Mature Content: A few light and suggestive jokes make their way into the script, but most of them don’t go very far. A somewhat annoying audition gag has three bunnies twerking to the tune of Nicki Minaj’s highly inappropriate song, “Anaconda.” they rap, “oh my god, look at his butt!” once or twice. A flamboyant pig named Gunter (voiced by Nick Kroll) strips off a tight, shiny bodysuit to reveal a leotard that Rosita says “reveals a lot of skin.” the character is somewhat effeminate, but he’s in the movie just for a laugh. Gunter tries to encourage Rosita to let the music “take control of his body parts”, and then puts on a kind of “cat suit”. It’s hinted that Ash and her boyfriend live together, but it’s never discussed, and we never see them hug or even kiss. we see rosita and her husband kiss once. mike courts a mouse. Buster and Eddie are only seen wearing speedos once or twice to wash cars.
violence: a bit of violence and danger. it is implied that a small animal was stepped on. someone trips and falls on stage. one character is threatened and nearly eaten a couple of times by three intimidating bears. ***spoiler*** the water floods the theater and almost drowns a handful of characters. floods the road and the characters are swept away. the theater itself then collapses to the ground. *** end of spoiler *** ash throws his feathers at unsuspecting audience members and friends. buster is thrown into the street. we see the aftermath of a car accident and almost witness one or two more.
drugs/alcohol: A joke is made when a character sees an asthma inhaler (“what do you smoke with this?”). we see mixed drinks in a club.
language: fortunately, nothing really offensive. “oh my god” and “what the hell?” are used multiple times. insults include “old fart” and a “total super jerk dinkleschplatt”.
other: Buster lies and manipulates (but later confronts the music about his actions). mike plays a handful of times and also cheats. he robs an innocent civilian of his money. he also insults and treats almost everyone in a very bad way. buster is usually very direct with the contestants. Johnny’s dad and his gang pull off two heists. The father (on a prison phone), learning that Johnny is in the singing competition, verbally disowns his own son (although he later changes his tone). the only humorous bathroom joke in the film is that of a character passing gas twice due to nerves.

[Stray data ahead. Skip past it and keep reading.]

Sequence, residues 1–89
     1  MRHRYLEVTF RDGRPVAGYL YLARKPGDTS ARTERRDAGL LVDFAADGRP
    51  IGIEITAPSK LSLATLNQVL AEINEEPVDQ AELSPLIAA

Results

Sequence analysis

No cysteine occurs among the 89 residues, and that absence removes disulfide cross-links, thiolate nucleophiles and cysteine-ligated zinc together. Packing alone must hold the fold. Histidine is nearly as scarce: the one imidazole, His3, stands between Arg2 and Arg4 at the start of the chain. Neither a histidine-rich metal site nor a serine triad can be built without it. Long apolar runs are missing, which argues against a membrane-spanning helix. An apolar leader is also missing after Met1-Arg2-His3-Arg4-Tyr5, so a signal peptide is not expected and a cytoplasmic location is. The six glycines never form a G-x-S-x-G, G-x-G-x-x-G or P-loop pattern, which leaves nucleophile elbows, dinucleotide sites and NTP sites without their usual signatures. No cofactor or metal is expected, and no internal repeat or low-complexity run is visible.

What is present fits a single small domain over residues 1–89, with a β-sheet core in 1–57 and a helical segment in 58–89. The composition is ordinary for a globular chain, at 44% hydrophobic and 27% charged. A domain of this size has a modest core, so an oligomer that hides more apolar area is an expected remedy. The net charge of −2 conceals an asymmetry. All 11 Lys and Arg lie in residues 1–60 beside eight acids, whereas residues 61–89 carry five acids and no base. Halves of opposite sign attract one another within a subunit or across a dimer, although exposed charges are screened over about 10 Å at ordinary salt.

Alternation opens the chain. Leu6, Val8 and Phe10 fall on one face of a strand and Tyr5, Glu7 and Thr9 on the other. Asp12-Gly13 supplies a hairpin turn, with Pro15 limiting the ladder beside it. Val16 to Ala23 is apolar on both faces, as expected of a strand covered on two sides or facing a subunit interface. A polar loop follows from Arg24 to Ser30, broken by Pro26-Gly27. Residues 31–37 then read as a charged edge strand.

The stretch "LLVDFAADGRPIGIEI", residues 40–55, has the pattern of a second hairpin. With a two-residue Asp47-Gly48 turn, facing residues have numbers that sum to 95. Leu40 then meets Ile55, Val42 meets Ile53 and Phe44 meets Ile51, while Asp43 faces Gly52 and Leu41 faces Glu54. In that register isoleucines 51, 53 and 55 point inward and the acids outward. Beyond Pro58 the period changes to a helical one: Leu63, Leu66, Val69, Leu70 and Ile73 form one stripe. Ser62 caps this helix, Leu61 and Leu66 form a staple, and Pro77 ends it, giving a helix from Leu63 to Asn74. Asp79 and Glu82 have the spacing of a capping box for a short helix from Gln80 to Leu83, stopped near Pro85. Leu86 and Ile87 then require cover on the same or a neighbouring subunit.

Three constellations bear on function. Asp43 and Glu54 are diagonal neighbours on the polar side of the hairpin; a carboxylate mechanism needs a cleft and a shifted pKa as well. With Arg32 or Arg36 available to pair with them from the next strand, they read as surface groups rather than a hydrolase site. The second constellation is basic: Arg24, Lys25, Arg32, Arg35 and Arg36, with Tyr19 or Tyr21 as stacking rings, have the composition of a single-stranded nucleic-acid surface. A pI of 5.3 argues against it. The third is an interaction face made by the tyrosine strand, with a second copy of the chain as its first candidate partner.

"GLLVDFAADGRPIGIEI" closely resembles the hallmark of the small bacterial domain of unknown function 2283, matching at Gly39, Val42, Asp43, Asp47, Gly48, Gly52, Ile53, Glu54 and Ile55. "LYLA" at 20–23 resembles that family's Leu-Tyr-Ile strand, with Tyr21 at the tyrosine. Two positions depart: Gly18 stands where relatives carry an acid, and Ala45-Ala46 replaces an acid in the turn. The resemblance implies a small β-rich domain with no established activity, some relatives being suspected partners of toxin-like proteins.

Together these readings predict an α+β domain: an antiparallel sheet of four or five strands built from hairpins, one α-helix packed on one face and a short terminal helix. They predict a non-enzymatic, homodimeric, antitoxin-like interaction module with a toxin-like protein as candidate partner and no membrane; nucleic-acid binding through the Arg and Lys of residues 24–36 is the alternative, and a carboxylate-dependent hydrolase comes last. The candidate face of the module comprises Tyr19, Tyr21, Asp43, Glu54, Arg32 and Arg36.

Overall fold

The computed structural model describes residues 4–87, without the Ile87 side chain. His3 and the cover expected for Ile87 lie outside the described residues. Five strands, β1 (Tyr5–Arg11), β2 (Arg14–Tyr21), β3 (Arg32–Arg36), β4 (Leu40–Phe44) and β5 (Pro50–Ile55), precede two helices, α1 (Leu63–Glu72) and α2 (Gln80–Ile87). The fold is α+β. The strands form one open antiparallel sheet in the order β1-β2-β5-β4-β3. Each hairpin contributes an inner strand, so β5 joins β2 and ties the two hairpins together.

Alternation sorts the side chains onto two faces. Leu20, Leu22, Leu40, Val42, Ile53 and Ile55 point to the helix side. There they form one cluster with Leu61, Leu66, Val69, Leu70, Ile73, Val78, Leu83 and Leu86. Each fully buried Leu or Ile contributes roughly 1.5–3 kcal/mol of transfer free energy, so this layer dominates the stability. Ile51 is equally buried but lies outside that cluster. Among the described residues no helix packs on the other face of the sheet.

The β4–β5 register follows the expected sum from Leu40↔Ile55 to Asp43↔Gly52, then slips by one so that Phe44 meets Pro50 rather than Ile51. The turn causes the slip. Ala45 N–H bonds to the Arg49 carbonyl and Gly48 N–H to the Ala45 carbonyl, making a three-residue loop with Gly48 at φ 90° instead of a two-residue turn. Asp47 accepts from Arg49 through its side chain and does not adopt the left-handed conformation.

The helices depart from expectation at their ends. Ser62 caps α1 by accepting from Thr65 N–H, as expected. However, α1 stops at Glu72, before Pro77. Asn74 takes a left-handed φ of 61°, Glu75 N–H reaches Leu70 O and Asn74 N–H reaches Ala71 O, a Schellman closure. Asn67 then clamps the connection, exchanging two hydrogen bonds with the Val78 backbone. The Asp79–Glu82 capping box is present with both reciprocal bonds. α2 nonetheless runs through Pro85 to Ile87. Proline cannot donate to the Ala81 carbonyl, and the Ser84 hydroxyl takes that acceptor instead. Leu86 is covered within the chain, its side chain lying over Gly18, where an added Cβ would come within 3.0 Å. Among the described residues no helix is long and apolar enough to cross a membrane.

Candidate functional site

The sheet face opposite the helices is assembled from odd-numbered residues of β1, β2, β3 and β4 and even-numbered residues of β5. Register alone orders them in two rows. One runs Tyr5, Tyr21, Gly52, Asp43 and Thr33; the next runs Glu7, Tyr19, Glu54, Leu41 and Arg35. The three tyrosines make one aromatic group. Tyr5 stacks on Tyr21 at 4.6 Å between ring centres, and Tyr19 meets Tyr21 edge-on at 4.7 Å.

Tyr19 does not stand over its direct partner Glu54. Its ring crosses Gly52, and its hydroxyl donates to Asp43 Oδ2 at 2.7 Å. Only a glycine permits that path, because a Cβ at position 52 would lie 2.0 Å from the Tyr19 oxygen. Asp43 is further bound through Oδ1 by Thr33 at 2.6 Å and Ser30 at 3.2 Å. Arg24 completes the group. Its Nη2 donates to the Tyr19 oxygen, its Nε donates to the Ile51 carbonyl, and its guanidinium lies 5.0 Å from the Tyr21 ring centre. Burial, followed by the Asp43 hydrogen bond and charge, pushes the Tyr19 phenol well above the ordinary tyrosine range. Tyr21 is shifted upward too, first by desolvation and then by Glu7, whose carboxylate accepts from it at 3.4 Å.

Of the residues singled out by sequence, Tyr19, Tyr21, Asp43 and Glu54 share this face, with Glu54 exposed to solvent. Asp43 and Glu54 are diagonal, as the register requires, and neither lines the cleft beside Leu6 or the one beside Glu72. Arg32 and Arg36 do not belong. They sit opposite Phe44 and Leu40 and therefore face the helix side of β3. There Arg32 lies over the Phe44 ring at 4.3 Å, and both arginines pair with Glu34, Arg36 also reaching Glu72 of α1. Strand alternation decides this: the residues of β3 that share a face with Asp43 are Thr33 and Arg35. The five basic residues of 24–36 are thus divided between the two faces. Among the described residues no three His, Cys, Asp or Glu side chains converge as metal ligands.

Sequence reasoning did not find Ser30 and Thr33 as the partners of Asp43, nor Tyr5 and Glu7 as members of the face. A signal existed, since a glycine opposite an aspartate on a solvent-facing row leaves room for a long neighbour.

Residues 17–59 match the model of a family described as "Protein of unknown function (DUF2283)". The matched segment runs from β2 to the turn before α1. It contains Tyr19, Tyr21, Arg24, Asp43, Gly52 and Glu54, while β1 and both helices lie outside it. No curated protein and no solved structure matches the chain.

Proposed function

While we didn’t hear many lyrics, the song list includes artists like lady gaga, katy perry, etc. Some parents may need to talk to their children before they decide to look further. because of the songs they listen to (some of which are not so innocent).
“singing” is an interesting concept (although not very original). features songs from today and yesterday, from the 2010s and 1970s, and everything in between. I thought it was a fun and memorable tease. And, according to executive producer Chris Meledandri, they had to obtain copyright clearance for at least 65 songs. that’s very impressive.
I had a lot of fun with this movie. It was as much fun as I expected it to be, there’s good music (I have the soundtrack) and at the same time there’s a well-developed story to support all the music. most of the main characters are given at least decent development, and nearly all of them are perfectly cast. On top of that, the strong messages about selflessness, the focus on personal talent over materialism, and overcoming fear are very well presented and really effective.
that’s not to say that “singing” is a perfect movie. At times, like the talent shows it emulates like “America’s Got Talent” and “The Voice,” it features some (slight) suggestive moments for adults, but is likely to go over kids’ heads. there is bad and inadvisable behavior, but most of it is punished. the negative content, overall, if anything, is only slightly edgier than the latest enlightenment effort, “the secret life of pets”.
Because of some of the songs used, I advise parental discretion for young viewers, as parents may object to some of the playlists. But for older children and parents, “Singing” is one of the funniest movies of the year, with some very admirable themes.
Violence: Mild / Profanity: Mild / Sex/Nudity: Minor
see the list of relevant topics: questions and answers.